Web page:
Car show joins fall fest ... with...
The museum is now open to the public, pre-registration is required.
John Shiel has become enamored with a town he worked near for years but never lived in.
But he believes that detachment from Richmond gives him a unique perspective to talk about – and the many treasures a simple walkabout will reveal. Starting April 22 he intends to do just that with a new series he’s calling “Sidewalk Stories.”
Shiel, a retired interpretative naturalist with McHenry County College, will share some of Richmond’s most compelling stores during a 2-mile walk along the village’s sidewalks and roadsides.
“I got yapping with people about the lovely nature of the town, and I just talked myself into doing this. It was pre-organic,” Shiel said. “I’ve been around the town for almost 40 years, even though I lived in Johnsburg and now Wonder Lake. I know that it is dripping with cool, old stuff.”
Two-hour sidewalk tours begin at 10:30 a.m. and 12:30 p.m., spring through fall. Cost is $10, with groups limited to 20. This year's schedule is:
• 10:30 a.m. – Aug. 3 and 24; Sept. 14
• 12:30 p.m. – Oct. 5 and 19; Nov. 9
All of the walking tours will start from the old wooden bridge on George Street behind Anderson’s Candy Shop.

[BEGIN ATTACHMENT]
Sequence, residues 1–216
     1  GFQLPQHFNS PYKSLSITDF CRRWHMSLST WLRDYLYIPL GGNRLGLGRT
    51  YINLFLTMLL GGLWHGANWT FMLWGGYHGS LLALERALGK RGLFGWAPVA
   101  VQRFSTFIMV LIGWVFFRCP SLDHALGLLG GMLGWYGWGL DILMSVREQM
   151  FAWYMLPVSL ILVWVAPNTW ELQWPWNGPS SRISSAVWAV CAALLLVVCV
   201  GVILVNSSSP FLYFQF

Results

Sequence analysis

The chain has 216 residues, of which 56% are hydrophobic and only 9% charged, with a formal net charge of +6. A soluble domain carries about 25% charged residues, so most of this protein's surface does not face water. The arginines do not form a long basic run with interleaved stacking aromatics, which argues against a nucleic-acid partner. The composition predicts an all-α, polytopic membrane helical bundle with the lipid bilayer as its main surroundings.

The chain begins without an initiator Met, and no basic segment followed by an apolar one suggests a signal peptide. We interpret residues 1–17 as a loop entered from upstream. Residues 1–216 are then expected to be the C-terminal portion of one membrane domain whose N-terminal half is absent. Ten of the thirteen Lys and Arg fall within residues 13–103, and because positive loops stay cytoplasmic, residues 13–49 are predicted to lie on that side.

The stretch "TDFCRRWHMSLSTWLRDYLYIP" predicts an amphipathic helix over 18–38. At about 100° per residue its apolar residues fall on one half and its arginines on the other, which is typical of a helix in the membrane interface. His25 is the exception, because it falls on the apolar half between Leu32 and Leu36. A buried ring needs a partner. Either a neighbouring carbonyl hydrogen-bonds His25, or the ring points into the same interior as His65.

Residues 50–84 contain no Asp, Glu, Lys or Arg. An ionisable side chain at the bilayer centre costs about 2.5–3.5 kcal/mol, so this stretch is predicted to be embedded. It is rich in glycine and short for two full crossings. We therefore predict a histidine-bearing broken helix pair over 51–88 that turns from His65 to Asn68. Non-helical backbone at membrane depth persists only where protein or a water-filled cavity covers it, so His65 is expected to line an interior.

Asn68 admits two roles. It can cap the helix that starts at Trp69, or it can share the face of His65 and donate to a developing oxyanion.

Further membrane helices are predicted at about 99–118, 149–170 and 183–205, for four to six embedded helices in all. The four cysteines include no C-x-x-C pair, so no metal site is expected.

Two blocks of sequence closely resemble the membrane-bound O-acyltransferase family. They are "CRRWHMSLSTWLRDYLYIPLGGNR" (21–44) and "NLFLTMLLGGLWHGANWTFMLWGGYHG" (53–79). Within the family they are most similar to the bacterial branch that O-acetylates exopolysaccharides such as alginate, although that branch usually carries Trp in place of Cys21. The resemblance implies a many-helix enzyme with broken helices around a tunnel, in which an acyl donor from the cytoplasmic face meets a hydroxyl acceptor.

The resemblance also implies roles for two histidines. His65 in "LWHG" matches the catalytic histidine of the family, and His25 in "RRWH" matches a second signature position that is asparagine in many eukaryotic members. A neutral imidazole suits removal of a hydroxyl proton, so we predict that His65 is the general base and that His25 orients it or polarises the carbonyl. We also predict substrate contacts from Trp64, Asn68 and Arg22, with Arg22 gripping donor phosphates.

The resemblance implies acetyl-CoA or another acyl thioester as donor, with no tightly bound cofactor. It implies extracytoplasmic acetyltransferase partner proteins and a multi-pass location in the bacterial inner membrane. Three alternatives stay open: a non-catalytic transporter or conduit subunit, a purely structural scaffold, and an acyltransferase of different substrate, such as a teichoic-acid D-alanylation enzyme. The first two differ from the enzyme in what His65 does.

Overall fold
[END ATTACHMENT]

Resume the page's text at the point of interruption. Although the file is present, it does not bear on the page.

“After a loop around Richmond’s antique downtown, bridges and walkways, we’ll pass through a remarkable gallery of very impressive Victorian homes,” Shiel said. “Add in a couple of old churches, a retired school and the settlement’s original burial ground, and we’ll end up at the old farmhouses on Broadway out in McConnellville, where Richmond truly began.”
Ample parking stretches along the railroad trail from George Street north to Broadway Street. The best access for most drivers will be to turn west off Main Street/Route 12 onto Broadway. A maximum of about two dozen people can attend a particular walk. The cost is $10 in cash, payable before the start of each walk.
To register or for information, contact Shiel at 815-814- 6342 or at firstname.lastname@example.org.
“Leading tours is what I used to do for the [McHenry County] Conservation District and on an independent basis,” Shiel said. “After 20 years of not doing walks and programs, this is an itch that came back and needed a scratch.”
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